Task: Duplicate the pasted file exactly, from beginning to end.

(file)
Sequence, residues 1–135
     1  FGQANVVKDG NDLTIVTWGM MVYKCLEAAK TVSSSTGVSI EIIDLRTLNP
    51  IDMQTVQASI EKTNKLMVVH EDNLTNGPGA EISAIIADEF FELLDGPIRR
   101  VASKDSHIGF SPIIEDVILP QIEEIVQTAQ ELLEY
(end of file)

Sequence, residues 1–135
     1  FGQANVVKDG NDLTIVTWGM MVYKCLEAAK TVSSSTGVSI EIIDLRTLNP
    51  IDMQTVQASI EKTNKLMVVH EDNLTNGPGA EISAIIADEF FELLDGPIRR
   101  VASKDSHIGF SPIIEDVILP QIEEIVQTAQ ELLEY